WEST LAFAYETTE, Ind. — According to the most recent census data there are 162,000 women-owned businesses in the state of Indiana.
That’s a little under 30 percent of Indiana’s privately owned companies, according to Elaine Bedel, president of the Indiana Economic Development Corporation.
In 2012 roughly 90 percent of these businesses had only one employee, the owner.
Indiana can do better, Bedel said. Part of supporting small, women-owned businesses is increasing awareness about local and state programs available to support small businesses, including the WomenIN program run out of Purdue Foundry, available grants and Indiana’s Small Business Development Centers.
Greater Lafayette is an example of where state and local programs have already helped women-owned businesses develop and expand.
Diana Hancock is a co-owner of Speak MODadlities, a company that develops speech and language apps for children with autism and people with severe speech disabilities.
Hancock developed the app with Purdue University professor Oliver Wendt. The business received a state matching grant through the 21st Century Research and Technology Fund. This helped move the company more quickly from the development phase into commercialization mode.
The matching grant, Hancock said, really made a difference in terms of exposure and enhancing the company’s credibility.
“Once you’ve received a show of faith from the state you’re looked at differently by other entities,” she said.
Hancock added she’s attended a number of events sponsored by WomenIN, which provided support and resources to women business owners.
These events, Hancock said, have been a major motivator.
“Those kind of events give you such energy. They invigorate you. You see other women in your position doing similar things and they provide reinforcement and constructive criticism that strengthens what you’re doing.”
Tere Carvajal said she’s had similar experience participating in such programs.
Carvajal is a co-founder of BioKorf, a company pioneering a new, more tailored drug manufacturing process involving a layering of laminates with drug additives, making drugs that can be more easily tailored to the specific needs of patients.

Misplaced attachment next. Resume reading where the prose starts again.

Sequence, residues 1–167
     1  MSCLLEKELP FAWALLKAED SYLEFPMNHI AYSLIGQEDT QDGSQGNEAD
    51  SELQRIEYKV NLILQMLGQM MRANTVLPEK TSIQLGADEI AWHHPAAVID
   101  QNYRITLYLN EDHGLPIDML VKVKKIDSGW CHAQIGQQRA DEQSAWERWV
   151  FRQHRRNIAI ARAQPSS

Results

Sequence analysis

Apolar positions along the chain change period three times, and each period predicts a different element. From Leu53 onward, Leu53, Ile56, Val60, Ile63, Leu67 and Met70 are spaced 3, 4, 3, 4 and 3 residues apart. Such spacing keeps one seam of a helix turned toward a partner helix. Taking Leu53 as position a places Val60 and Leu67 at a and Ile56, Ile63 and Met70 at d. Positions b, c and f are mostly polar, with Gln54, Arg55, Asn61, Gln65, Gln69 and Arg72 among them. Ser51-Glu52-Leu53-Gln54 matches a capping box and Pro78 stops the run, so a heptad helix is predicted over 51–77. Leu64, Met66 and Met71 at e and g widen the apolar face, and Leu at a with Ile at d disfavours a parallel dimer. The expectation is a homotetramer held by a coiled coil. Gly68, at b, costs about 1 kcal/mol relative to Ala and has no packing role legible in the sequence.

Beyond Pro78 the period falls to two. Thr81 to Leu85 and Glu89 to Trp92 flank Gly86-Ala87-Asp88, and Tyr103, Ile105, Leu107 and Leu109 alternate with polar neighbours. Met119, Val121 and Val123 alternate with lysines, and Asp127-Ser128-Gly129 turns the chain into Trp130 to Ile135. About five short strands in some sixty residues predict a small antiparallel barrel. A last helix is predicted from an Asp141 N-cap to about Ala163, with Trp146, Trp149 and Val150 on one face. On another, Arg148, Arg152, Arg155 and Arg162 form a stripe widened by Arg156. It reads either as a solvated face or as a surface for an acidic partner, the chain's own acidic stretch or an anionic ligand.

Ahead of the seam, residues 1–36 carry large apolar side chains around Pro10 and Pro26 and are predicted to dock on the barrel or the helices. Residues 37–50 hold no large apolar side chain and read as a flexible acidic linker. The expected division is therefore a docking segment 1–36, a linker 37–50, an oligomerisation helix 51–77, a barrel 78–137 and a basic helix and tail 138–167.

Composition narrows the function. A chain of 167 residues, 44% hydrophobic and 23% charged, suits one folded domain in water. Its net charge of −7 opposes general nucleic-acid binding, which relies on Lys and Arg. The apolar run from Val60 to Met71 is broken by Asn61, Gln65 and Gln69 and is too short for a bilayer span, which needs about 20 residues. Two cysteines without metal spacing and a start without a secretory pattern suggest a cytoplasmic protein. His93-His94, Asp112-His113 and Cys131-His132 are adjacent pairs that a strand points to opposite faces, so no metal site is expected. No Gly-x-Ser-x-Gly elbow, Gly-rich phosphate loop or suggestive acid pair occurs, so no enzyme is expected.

Carvajal said a lot of her inspiration as a researcher and business owner, especially one working in a highly technical field, comes from listening to other women speak through the WomenIN program.
At the same time, she added, when she attended local networking events not specifically for women she wonders where other female business owners are.
“Sometimes at networking events I can count on my fingers the number of women there,” Carvajal said. “Even though women are welcome at these events I see very few.”
She said she knows women are integral to the small business community of Greater Lafayette and she wonders why they don’t turn up to these events.
Gretel Kulupka, owner of Gretel’s Fine Gifts, said she has never really felt like gender equality is an issue that needs to be addressed in the Greater Lafayette business landscape.
“I honestly can’t ever remember one tiny, little element against me due to the fact that I’m a woman,” she said.
Kulupka has, however, made use of the resources offered by the Indiana Small Development Centers when she was considering moving and growing her business. Kulupka said she contacted them for market research assistance, wondering if she was located in the optimal location.
“They helped me realize that I was actually doing well, so I took a larger place in the same shopping center,” Kulupka said.
Bedel said while these programs have been instrumental in helping to grow small businesses in the state, there is more the state and communities can do to help promote small, independent businesses, and with that support women in business.
“I’m not sure we reach as many people as we can,” Bedel said. “I want to put more emphasis on offering the tax incentives we do for larger companies.”
Call J&C reporter Emma Ea Ambrose at 765-431-1192. Follow her on Twitter: @emma_ea_ambrose.